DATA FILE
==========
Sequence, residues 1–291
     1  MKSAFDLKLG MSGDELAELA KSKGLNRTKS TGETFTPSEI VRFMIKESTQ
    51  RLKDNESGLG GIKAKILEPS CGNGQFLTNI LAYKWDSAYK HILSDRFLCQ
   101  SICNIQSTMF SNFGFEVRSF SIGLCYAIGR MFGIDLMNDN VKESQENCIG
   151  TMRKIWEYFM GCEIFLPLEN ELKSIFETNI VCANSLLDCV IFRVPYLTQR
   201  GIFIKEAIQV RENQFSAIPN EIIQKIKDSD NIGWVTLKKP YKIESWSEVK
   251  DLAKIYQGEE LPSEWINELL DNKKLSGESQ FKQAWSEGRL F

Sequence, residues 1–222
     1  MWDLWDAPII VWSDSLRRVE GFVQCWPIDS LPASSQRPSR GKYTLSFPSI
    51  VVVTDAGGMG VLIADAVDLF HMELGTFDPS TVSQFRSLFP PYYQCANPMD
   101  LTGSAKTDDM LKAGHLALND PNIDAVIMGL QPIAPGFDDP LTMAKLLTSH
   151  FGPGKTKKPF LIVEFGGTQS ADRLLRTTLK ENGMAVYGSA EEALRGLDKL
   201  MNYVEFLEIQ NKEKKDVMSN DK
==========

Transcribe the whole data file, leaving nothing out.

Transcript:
Sequence, residues 1–291
     1  MKSAFDLKLG MSGDELAELA KSKGLNRTKS TGETFTPSEI VRFMIKESTQ
    51  RLKDNESGLG GIKAKILEPS CGNGQFLTNI LAYKWDSAYK HILSDRFLCQ
   101  SICNIQSTMF SNFGFEVRSF SIGLCYAIGR MFGIDLMNDN VKESQENCIG
   151  TMRKIWEYFM GCEIFLPLEN ELKSIFETNI VCANSLLDCV IFRVPYLTQR
   201  GIFIKEAIQV RENQFSAIPN EIIQKIKDSD NIGWVTLKKP YKIESWSEVK
   251  DLAKIYQGEE LPSEWINELL DNKKLSGESQ FKQAWSEGRL F

Sequence, residues 1–222
     1  MWDLWDAPII VWSDSLRRVE GFVQCWPIDS LPASSQRPSR GKYTLSFPSI
    51  VVVTDAGGMG VLIADAVDLF HMELGTFDPS TVSQFRSLFP PYYQCANPMD
   101  LTGSAKTDDM LKAGHLALND PNIDAVIMGL QPIAPGFDDP LTMAKLLTSH
   151  FGPGKTKKPF LIVEFGGTQS ADRLLRTTLK ENGMAVYGSA EEALRGLDKL
   201  MNYVEFLEIQ NKEKKDVMSN DK